The Early Modern Commons

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Your search for posts with tags/categories containing london found 345 posts

Showing 1 - 20 of 345

Shakespeare in Love – the play

A scene from the stage version of Shakespeare In Love This evening, 23 July, is the official opening of the new London West End play Shakespeare in Love, Lee Hall’s new version of the much-loved 1998 film of the same name. Rumours have been circulating...
From: The Shakespeare blog on 23 Jul 2014

Don Giovanni in Flanders

Spanish attack on a Flemish village,Attr:  Pieter Snayers.In the winter of 1603-04, Glassmaker Antonio Neri embarked on what would become a seven-year-long visit to Antwerp to stay with his friend, Emmanuel Ximenes, one of the richest men in...
From: Conciatore on 23 Jul 2014

The Windsor Nell Gwynn Knew

As royal mistresses go, Nell Gwynn is probably our most favourite of King Charles II's mistresses - and with good reason. This saucy, funny, beautiful actress was quite a loveable character - and her royal lover certainly knew that. John Evelyn referred...
From: Hoydens and Firebrands on 20 Jul 2014

Henry Stebbing

The Rev. Henry Stebbing (1716—1787), FRS, FSA, seems to have been as mild and pleasant a man as he is said by his son to have been. His personality may have been influenced by that of his father, Rev. Henry Stebbing (1687—1763), who was anything but....
From: Kirby and his world on 18 Jul 2014

Conference Favourites from ‘Revisiting Early Modern Prophecies’

This year’s conference season was brief but intense for me, with conferences back to back in London and Görlitz. Instead of writing about my own talks, I’ve decided instead to highlight a few papers by other scholars that I particularly enjoyed....
From: PRAELUDIA MICROCOSMICA on 12 Jul 2014

Conference Favourites from ‘Revisiting Early Modern Prophecies’

This year’s conference season was brief but intense for me, with conferences back to back in London and Görlitz. Instead of writing about my own talks, I’ve decided to highlight a few papers by other scholars that I particularly enjoyed....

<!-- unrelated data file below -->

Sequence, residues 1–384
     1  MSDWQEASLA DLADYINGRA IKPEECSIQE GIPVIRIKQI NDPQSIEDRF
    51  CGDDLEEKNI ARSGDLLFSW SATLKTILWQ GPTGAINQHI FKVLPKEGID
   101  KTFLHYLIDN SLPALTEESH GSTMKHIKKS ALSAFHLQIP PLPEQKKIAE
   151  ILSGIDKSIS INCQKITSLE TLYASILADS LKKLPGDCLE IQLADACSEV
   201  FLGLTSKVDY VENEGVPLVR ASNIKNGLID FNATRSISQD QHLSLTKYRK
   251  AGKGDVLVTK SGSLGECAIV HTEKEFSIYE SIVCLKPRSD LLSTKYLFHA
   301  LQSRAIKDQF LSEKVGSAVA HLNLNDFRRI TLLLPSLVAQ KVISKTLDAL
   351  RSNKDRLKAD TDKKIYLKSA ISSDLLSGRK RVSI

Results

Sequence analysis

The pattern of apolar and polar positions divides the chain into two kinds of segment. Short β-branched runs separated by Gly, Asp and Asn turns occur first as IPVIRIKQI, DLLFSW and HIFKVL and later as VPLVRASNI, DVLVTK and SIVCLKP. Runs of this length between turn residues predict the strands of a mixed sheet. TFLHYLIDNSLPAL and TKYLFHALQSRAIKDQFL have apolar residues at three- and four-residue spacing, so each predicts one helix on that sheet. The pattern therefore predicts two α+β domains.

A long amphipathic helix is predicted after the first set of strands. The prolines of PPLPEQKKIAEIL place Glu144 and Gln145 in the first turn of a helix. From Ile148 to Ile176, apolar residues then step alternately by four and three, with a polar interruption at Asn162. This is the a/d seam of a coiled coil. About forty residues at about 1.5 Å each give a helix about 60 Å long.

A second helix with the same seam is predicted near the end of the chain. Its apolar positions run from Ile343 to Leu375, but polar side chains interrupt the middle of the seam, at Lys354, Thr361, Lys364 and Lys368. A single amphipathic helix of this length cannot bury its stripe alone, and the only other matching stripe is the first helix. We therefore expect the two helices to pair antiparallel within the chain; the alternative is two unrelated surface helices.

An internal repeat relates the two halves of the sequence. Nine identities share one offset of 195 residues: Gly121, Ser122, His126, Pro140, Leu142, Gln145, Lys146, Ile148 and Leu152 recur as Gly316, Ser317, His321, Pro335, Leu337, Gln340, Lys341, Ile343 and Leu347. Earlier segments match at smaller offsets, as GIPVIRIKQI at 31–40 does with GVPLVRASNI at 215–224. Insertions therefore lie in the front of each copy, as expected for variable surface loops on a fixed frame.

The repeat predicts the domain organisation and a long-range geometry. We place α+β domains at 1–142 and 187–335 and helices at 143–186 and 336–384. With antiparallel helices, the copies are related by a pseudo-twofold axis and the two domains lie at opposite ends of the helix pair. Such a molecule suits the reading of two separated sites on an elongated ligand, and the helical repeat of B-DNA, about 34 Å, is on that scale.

From: PRAELUDIA MICROCOSMICA on 12 Jul 2014

Lies, secrets and death on the eve of the Glorious Revolution

The Bitter Trade by Piers Alexander is a historical novel set in the murky world of London’s coffee houses on the eve of the Glorious Revolution. The son of an English dissenter and a French Huguenot, its young redhead hero Calumny Spinks lives under...
From: The History Woman's Blog on 10 Jul 2014

George Carpenter, Mealman of Wapping

A farthing token issued by George Carpenter – A mid-17th century grain dealer of Wapping, London. The above copper farthing token measures 15.6 mm in diameter and weighs 0.80 grams. It was most likely issued in the 1650s. The token was issued by...
From: Mr. Pepys' Small Change on 9 Jul 2014

St. Thomas More to His Daughter Meg

Beyond his martyrdom and his status as a patron saint, Thomas More provides us with such examples of humanity that tear the veil between us and the past. On July 5, 1535, the day before his execution, he wrote to his daughter Margaret, commenting...

A New Sort of Holyday for Husbands, or a warning to troublesome wives, 1733

Here is a particularly heartwarming (*cough*) report of one man’s enthusiastic embrace of widowhood in London in 1733. Yes folks, the ‘new holyday for husbands’ is to be enjoyed when your troublesome wife drops dead. Charming. (Although...
From: The History of Love on 3 Jul 2014

On This Day: 2 July

I’ve always been a fan of those “On This Day” features you often see in newspapers and now online. This is probably picked up from my Dad who has a wonderful memory for dates and can usually be relied upon to find and remember the most...

Riotous Violence: Early-Modern Football

And now for something completely different: football. Admittedly, I have but the most tenuous of excuses for this excursion, provided in a roundabout manner by the ‘Revisiting Early Modern Prophecies’ conference (26-28 June). It also feel...
From: PRAELUDIA MICROCOSMICA on 2 Jul 2014

Riotous Violence: Early-Modern Football

And now for something completely different: football. Admittedly, I have but the most tenuous of excuses for this excursion, provided in a roundabout manner by the ‘Revisiting Early Modern Prophecies’ conference (26-28 June). It also feel...
From: PRAELUDIA MICROCOSMICA on 2 Jul 2014

May 2014

I should have posted this ages ago but it’s better late than never, I suppose! Although this blog will still retain its emphasis on women’s history, I also really enjoy sharing more about my actual real life here too so am going to post a...
From: Madame Guillotine on 30 Jun 2014

Leonard Morse